Mixed feelings over bus hub

Workers begin construction on Dunedin's bus hub in Great King St yesterday. Photo: Christine O...
Workers began construction on Dunedin's bus hub in Great King St on Wednesday. Photo: Christine O'Connor

Businesses in Great King St are concerned about losing car parking when the Otago Regional Council’s bus hub is built, but many feel the hub will bring more foot traffic to the area.

Construction was due to start this week and is expected to be finished in November.

About 37 car parks in the street would be lost but gained in other streets due to the removal of other bus stops.

Community House management committee chairwoman Debbie Webster said the bus hub would be a ‘‘positive thing for the community’’.

Many people who used the house’s services were likely to use the hub as well, so it was a good fit, she said.

The house would lose three car parks but had ‘‘worked that out with the ORC’’.

‘‘We are fairly confident with the conversations we have had with the project team.

‘‘There’s been, to date, good communication, so we are happy.’’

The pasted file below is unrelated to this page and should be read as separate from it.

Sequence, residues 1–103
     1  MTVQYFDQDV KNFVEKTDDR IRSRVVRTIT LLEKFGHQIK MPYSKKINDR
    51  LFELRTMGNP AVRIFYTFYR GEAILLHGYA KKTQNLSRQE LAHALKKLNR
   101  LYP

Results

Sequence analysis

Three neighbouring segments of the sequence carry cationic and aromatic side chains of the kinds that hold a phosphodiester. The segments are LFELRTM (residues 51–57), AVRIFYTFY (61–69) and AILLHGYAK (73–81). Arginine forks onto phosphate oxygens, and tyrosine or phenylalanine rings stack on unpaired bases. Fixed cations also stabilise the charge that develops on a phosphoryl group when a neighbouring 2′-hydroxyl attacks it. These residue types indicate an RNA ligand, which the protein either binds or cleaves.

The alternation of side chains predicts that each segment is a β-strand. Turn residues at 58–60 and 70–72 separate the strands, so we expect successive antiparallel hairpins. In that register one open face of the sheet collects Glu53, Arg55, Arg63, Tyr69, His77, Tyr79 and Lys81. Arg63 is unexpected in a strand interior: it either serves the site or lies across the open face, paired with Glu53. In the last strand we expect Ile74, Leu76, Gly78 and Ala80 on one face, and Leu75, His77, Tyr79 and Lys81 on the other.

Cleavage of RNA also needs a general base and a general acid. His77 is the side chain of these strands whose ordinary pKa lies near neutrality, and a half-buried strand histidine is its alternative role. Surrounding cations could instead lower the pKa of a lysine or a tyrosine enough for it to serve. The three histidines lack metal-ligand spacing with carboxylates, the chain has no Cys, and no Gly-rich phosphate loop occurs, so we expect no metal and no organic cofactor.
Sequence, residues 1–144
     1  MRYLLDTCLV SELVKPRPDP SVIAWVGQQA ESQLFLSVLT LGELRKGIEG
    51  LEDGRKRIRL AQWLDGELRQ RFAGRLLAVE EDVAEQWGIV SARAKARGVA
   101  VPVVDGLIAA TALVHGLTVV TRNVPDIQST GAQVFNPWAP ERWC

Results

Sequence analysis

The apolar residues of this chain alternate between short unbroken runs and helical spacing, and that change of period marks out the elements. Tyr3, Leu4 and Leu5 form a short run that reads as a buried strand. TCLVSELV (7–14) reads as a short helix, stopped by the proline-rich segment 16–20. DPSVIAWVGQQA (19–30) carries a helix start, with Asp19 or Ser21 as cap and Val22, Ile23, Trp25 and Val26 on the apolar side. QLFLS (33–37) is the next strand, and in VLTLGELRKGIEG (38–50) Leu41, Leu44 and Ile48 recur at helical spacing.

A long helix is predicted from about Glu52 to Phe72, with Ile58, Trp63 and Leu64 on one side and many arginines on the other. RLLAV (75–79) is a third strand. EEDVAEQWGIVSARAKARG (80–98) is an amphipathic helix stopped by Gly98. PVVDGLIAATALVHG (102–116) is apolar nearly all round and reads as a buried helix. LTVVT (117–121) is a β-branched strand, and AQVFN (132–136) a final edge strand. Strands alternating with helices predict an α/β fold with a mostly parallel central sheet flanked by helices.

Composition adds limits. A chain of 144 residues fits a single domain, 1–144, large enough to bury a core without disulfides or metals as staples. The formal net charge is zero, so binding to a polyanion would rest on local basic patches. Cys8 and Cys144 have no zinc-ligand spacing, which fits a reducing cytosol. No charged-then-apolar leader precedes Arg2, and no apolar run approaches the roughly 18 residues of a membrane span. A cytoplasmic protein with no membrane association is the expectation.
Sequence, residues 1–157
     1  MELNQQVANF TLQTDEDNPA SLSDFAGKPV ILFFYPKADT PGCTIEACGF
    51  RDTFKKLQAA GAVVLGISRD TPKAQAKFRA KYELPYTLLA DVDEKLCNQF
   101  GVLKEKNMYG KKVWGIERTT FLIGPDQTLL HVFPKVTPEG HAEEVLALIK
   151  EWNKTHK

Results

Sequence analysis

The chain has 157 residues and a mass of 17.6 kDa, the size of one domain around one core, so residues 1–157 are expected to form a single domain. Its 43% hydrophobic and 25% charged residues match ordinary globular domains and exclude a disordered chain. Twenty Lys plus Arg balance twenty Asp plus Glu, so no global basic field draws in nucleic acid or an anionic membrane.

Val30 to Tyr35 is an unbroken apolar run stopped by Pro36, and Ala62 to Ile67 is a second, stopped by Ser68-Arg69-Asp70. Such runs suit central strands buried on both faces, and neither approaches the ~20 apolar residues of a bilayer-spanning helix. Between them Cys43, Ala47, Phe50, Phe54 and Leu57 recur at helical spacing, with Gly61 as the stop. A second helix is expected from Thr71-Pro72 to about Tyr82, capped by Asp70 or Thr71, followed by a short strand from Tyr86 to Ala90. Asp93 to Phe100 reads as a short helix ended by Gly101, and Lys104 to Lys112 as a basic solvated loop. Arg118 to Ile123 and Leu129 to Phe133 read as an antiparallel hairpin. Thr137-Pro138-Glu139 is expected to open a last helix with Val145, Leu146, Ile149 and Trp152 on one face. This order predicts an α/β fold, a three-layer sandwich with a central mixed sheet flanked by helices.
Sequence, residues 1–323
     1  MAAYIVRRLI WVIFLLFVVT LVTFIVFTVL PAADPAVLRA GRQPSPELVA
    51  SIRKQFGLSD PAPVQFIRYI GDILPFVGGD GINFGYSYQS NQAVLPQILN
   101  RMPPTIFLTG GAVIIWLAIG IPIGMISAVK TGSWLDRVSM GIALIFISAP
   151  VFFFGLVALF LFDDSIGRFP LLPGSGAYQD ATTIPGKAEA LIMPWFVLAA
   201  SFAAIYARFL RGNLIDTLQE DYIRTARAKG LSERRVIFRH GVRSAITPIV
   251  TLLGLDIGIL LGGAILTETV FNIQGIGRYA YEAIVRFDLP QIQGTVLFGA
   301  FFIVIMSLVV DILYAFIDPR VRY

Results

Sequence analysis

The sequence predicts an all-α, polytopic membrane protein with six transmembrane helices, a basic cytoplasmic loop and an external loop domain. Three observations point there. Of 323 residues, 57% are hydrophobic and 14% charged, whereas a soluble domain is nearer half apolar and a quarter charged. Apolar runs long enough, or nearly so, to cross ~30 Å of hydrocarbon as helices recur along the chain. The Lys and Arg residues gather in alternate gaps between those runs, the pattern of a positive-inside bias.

Smiths Sport Shoes co-owner Greg Lapwood said he was concerned about the impact construction of the hub and loss of car parks would have on his business.

‘‘All that car parking is going, so where are people going to park?

‘‘Construction is going to hurt,’’ he said.

Mr Lapwood was unsure of the effect once the hub was up and running.

Look Sharp Store manager Thomas Sebastian said he expected more people to visit the store once the hub was completed, but was also concerned about the lack of parking.

Even now, customers would tell him there was nowhere for them to park their cars in peak times, he said.

Refined Rig stylist Sun Dean said although she was concerned by the loss of car parks, the shop was more of a ‘‘destination store’’ so felt customers would still ‘‘seek us out’’.

She hoped it would be off-set by an increase in pedestrian traffic so ‘‘only time will tell the overall impact on our business’’.

‘‘The design of the hub seems really positive and the council have taken the time to consult with all stakeholders.

‘‘It looks like the finished product will improve the amenity of the street and hopefully attract more people to the area.

‘‘It makes sense to centralise the buses in one area, and hopefully it will turn into a positive for us and for Dunedin.’’

A Countdown spokesman said: ‘‘We think the bus hub will be good for the central city and we look forward to seeing it come together over the coming months.’’

JESSICA.WILSON@thestar.co.nz 

Comments

Did anyone ask the hundreds of bus users? Oh yes it was called public consultations and ORC took no notice. A handful of businesses in leased buildings are much more important. Be nice it the reporters asked bus users too.

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